The recent shutdown of Honda’s Swindon factory is yet another example of the nature of disruptions that have become the constant in managing global supply chains. There are a number of factors at play here – stockpiling of inventories as the production levels ramp up, the upcoming Chinese new year holidays and the scramble of getting supplies in before the Chinese production facilities close down for the holidays, as well as competition for the cargo capacity with the just completed Christmas/New year season. A combination of these factors created the perfect storm for the port congestions. The timing of Brexit is yet another big factor wherein checks at the ports and border crossings cause further delays.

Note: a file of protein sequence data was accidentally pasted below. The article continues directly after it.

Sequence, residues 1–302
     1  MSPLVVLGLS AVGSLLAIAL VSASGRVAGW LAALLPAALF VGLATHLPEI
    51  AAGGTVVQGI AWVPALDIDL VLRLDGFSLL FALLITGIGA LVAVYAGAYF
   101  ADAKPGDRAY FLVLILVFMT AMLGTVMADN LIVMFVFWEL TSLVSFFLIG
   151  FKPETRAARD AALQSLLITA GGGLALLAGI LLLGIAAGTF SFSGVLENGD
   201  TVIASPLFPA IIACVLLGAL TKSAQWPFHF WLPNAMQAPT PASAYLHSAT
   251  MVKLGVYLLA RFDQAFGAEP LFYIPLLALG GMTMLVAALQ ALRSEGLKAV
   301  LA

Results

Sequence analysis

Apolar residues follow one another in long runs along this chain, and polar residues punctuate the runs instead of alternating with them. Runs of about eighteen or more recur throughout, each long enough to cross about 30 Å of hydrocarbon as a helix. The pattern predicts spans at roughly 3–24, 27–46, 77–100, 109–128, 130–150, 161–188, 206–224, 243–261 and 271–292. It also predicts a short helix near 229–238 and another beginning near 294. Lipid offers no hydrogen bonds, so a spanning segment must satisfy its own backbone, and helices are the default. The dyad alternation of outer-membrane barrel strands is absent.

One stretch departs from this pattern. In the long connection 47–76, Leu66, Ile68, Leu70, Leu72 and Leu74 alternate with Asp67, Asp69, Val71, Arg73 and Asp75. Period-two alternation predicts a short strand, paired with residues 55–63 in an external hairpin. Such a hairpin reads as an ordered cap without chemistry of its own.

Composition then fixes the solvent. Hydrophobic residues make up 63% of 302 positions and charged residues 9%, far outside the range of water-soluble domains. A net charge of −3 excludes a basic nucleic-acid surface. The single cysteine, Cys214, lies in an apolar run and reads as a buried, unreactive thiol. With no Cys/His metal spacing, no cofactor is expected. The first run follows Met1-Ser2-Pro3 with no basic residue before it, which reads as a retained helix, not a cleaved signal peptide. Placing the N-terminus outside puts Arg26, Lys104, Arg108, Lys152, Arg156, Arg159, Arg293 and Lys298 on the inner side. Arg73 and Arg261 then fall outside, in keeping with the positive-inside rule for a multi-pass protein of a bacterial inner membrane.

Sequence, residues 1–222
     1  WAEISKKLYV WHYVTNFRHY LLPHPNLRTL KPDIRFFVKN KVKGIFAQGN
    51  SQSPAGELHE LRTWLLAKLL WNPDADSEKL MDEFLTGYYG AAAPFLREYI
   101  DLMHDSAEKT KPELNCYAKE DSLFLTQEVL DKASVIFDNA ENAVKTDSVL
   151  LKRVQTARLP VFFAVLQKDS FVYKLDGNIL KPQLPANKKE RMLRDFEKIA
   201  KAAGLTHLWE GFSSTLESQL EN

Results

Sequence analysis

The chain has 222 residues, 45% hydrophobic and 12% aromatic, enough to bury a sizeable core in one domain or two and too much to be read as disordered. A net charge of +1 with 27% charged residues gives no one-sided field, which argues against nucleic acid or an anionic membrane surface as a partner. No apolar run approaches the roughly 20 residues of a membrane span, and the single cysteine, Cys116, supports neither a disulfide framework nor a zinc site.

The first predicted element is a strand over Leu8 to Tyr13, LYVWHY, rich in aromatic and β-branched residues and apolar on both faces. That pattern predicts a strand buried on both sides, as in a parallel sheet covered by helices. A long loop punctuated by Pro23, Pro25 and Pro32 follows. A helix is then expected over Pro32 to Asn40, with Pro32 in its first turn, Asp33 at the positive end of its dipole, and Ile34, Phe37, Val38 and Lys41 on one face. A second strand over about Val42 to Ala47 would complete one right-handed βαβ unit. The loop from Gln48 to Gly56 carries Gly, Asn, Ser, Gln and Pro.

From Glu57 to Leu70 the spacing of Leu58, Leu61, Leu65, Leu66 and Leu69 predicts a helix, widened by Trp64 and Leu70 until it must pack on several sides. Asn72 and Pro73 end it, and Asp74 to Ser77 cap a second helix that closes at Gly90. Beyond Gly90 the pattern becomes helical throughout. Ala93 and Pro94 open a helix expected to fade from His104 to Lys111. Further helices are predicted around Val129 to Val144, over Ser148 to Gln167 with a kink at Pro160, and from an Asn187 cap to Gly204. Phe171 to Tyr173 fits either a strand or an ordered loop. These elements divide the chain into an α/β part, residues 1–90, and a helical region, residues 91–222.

Of course, the elephant in the room continues to be COVID-19. The new strain of COVID-19 when coupled with the snafus with the vaccine distribution continues to have outsized influence on the unpredictability in the global supply chains.
While it has become fashionable to blame the shortage on Just In Time production systems, what cannot be refuted is that the supply chains over the years have become longer. The time is now to reassess the supply chain design for resiliency. Building optionality into the supply base, parts availability, production facilities, and distribution modes will be pivotal for organisations to tackle disruptions.